Politics New York lawmakers pass bill requiring employers to take steps to protect workers from diseases
Dismembered Woman's Body Parts Found in Duffel Bag Left on Street
A woman's dismembered limbs were found in a street in Lebanon's capitol Beirut, prompting speculation over whether another migrant domestic worker had been murdered in the country.The black duffel bag, which held a woman's limbs, was found in front of a bank in the Lebanese capital on Saturday, according to media reports. Police reportedly cordoned off the area as they scanned it for more human remains.
A bill passed by the New York state lawmakers on Tuesday that seeks to prevent workers from being exposed to airborne diseases is now headed to Gov. Andrew Cuomo, but while labor advocates hailed its passage, business groups fear it will harm small businesses across the state.
On Wednesday, The Alliance for a Greater New York (ALIGN) held a news conference hailing the passage of the NY Hero Act and called for the governor to sign the bill into law. If he does, New York would be the first state in the country to require companies to protect workers.
Cuomo has issued emergency regulations during the COVID-19 pandemic that have covered some industries, but lawmakers pointed out it does not cover all workers.
Bipartisan measure can expedite development of therapies for rare diseases
The FDA reforms contained in this legislation will provide hope to the millions of patients and families who are coping with a rare disease. As co-chair of the Congressional Rare Disease Caucus in the House, I am proud to be leading this patient-centered, bipartisan initiative, and encourage my colleagues to join us in this fight.Bilirakis represents the 12th District of Florida.
“We know that many people died over the last year because of unsafe working environments,” said state Sen. Michael Gianaris, D-Queens. “Employers were not taking basic precautions as it relates to PPE usage, social distancing, air filtration, all the things that we know are very common tactics that we use to avoid the spread of COVID right now.”
Gianaris, the deputy majority leader, served as the bill sponsor in the Senate. The bill passed that chamber by a 46-16 vote on March 1, and an amended version passed again Tuesday by a 46-17 margin.
Also on Tuesday, the state Assembly passed its version, sponsored by Assemblywoman Karines Reyes, D-Bronx, on a 95-55 vote.
ALIGN Executive Director Maritza Silva-Farrell on Wednesday said the votes were a cause to celebrate.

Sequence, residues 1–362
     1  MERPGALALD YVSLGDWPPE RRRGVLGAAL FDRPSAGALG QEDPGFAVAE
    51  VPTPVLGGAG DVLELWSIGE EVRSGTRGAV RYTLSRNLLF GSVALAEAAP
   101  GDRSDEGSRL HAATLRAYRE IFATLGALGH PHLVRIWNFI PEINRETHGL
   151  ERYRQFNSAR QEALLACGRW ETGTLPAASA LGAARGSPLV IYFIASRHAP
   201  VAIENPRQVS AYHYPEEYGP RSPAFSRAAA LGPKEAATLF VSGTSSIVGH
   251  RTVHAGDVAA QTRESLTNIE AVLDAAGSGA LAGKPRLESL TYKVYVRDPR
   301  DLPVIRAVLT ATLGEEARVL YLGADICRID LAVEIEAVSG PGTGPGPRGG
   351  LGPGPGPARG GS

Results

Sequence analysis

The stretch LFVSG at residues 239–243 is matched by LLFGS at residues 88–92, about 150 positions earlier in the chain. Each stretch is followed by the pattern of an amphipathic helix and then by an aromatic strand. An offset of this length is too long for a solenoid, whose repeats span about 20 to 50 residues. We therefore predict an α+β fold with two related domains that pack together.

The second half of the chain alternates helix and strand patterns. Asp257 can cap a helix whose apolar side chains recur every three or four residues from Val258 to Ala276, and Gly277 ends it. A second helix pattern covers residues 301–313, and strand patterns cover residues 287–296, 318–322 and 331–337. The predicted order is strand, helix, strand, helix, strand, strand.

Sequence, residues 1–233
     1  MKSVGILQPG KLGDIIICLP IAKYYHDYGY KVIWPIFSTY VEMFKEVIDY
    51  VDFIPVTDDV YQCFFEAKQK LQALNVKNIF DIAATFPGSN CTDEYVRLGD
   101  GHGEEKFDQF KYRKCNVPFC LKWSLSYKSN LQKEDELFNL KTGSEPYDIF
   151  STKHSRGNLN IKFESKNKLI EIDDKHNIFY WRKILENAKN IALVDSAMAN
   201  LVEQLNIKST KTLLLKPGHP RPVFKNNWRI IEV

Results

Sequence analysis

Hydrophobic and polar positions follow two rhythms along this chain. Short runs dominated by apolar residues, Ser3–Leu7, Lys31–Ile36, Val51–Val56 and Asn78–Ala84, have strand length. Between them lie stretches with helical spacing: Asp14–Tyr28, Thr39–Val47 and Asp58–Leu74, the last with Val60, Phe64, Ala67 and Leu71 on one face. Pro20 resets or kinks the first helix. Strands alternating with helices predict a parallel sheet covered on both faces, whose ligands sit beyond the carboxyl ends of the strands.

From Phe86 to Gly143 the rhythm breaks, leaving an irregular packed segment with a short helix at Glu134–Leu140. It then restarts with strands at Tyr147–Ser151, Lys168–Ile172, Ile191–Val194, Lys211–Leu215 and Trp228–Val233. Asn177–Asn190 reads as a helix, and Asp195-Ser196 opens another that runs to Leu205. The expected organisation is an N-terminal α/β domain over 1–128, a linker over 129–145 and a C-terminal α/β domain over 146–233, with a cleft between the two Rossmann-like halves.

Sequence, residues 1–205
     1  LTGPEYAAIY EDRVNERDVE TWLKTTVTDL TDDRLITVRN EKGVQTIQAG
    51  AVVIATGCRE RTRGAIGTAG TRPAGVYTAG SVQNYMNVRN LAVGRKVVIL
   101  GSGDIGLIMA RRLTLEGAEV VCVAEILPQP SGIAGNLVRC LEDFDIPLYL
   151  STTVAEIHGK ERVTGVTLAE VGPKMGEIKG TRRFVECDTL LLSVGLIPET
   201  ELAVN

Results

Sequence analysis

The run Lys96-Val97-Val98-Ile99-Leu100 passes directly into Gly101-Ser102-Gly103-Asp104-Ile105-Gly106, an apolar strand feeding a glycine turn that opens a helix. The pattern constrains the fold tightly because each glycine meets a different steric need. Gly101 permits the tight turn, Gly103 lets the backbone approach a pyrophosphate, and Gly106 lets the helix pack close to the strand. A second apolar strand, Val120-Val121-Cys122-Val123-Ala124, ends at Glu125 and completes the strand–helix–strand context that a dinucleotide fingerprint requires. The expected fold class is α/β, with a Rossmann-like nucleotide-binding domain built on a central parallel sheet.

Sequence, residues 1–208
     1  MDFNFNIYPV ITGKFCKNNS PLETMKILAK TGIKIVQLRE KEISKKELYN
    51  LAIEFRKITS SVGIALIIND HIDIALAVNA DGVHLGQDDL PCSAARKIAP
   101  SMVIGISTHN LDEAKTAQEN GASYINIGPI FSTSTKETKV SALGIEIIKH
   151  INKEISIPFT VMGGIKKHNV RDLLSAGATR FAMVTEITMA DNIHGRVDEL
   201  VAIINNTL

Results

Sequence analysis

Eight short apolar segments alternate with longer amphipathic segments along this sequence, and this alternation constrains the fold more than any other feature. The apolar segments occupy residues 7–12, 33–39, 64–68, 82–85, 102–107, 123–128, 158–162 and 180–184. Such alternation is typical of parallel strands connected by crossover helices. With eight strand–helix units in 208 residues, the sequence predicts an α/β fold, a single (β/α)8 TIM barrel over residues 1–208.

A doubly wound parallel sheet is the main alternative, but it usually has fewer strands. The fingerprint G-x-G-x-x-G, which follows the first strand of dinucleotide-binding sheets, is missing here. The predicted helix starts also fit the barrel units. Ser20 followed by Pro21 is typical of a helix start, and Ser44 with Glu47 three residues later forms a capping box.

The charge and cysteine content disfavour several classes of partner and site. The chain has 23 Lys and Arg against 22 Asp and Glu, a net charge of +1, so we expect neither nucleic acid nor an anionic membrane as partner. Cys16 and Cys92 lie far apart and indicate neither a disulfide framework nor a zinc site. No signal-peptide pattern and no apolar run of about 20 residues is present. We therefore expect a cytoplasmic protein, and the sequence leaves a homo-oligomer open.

Sectoral bargaining is bad for workers and the American economy
One-size-fits-all collective bargaining for entire industries would hinder flexibility and competition in the American economy.Sectoral bargaining is a new and largely undefined concept in the United States, but it is familiar to European employers. In Germany, for example, sectoral agreements between unions and employer associations set industry-wide terms for wages and working conditions. In a twist that would leave American unions unhappy, most German employers have the freedom to opt out of these agreements - which they are doing in droves, according to a 2017 report from the Institute for the Study of Labor.
“This is a moment for all of us to take and say power of the people can win when we work together with our elected officials willing to stand up with our community who are doing the job that they were sent to do,” she said
Business groups though opposed the measure. NFIB NY State Director Greg Biryla said businesses spent the last year complying with industry-specific mandates due to the pandemic. Yet, they never got a chance to make their case on the bill.
“Instead of consulting with small businesses who reached out directly to legislative offices, Albany has decided to ignore their voices and pass legislation that is incredibly complex, burdensome, costly, and a magnet for predatory litigation,” he said.
They’re hopeful Cuomo will take that into consideration and veto the bill.
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Original Author: Steve Bittenbender, The Center Square
Immigrant workers are essential to America's future — and we need a new paradigm for justice .
Beyond a pathway to citizenship: True justice for immigrants will help everyone, and build a better country Jose Ortiz receives a one-shot dose of the Johnson & Johnson COVID-19 vaccine at a clinic geared toward agriculture workers organized by the immigrant advocacy group TODEC on April 5, 2021, in Riverside, California.